By Matthew E. Fink, MD

Professor and Chairman, Department of Neurology, Weill Cornell Medical College; Neurologist-in-Chief, New York Presbyterian Hospital

Dr. Fink reports he is a consultant for Procter & Gamble.

SOURCE: Prandoni P, Lensing AW, Prins MH, et al. Prevalence of pulmonary embolism among patients hospitalized for syncope. N Engl J Med 2016;375:1524-1531.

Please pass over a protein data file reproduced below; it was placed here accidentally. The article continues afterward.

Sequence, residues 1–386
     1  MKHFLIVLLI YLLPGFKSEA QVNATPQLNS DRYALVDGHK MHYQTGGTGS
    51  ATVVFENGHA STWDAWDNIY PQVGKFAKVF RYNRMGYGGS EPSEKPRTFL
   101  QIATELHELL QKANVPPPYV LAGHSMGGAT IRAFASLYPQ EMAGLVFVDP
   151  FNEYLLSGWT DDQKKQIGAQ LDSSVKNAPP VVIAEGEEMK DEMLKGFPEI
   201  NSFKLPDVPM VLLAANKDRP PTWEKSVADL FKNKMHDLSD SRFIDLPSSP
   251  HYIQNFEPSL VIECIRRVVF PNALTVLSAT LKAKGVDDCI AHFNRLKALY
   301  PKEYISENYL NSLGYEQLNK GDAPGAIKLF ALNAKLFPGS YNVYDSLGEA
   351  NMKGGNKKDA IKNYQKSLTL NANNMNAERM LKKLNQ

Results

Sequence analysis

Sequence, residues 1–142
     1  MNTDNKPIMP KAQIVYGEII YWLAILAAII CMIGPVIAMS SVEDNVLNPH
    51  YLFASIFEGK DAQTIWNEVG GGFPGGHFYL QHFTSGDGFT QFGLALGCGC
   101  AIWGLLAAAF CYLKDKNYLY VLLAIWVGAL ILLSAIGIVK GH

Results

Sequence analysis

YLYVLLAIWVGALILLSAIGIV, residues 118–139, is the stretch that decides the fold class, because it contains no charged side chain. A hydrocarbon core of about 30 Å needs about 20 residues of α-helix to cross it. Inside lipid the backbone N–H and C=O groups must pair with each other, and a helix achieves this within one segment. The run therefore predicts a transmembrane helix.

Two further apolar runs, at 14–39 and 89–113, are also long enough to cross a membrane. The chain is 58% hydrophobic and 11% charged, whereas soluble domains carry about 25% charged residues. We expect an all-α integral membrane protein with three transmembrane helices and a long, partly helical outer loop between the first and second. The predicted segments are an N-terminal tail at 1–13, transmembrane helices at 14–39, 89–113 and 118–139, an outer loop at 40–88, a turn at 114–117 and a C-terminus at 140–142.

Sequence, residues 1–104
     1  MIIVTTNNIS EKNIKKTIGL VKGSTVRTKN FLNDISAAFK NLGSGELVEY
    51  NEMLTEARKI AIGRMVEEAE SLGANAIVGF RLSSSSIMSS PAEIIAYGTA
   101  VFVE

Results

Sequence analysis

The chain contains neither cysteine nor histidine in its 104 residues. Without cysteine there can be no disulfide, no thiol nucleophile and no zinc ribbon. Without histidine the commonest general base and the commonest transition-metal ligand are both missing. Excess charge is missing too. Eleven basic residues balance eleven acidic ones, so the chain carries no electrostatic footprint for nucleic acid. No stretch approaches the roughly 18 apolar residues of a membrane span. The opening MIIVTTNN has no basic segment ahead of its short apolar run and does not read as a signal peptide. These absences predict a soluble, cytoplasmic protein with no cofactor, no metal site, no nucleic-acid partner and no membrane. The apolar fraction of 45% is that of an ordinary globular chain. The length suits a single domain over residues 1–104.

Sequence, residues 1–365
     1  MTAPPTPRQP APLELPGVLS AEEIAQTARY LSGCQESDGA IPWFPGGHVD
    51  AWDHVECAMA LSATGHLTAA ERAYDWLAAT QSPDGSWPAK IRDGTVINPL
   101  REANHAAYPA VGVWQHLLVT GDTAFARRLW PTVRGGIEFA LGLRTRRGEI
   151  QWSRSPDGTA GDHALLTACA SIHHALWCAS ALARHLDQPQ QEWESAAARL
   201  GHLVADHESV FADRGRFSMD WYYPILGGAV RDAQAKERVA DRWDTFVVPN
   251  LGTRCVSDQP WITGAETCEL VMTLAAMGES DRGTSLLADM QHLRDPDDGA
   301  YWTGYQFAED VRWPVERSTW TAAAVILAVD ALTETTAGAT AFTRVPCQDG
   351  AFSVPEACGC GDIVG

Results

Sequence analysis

Syncope is a chief complaint for which neurologists often are consulted. In most cases, the neurological concern is possible stroke or an epileptic seizure. However, a variety of cardiopulmonary problems are most often the underlying cause of syncope, including cardiac arrhythmias and pulmonary embolism. The investigators of this study reviewed the clinical records of 560 patients (mean age of 76 years) who were admitted to the hospital with syncope. Diagnosis of pulmonary embolism was ruled out in 330 of the 560 patients on the basis of a negative D-dimer assay and low pretest clinical probability. Of the remaining 230 patients, pulmonary embolism was identified in 97 (42.2%). In the entire cohort, prevalence of pulmonary embolism was 17.3% and there was evidence of an embolus in a main pulmonary or lobar artery larger than 25% of the total area of both lungs in 61 patients. Based on this careful and detailed review of clinical features of patients with syncope, it appears that pulmonary embolism may be one of the most common causes, and should be considered by all physicians who are evaluating such patients, including neurologists.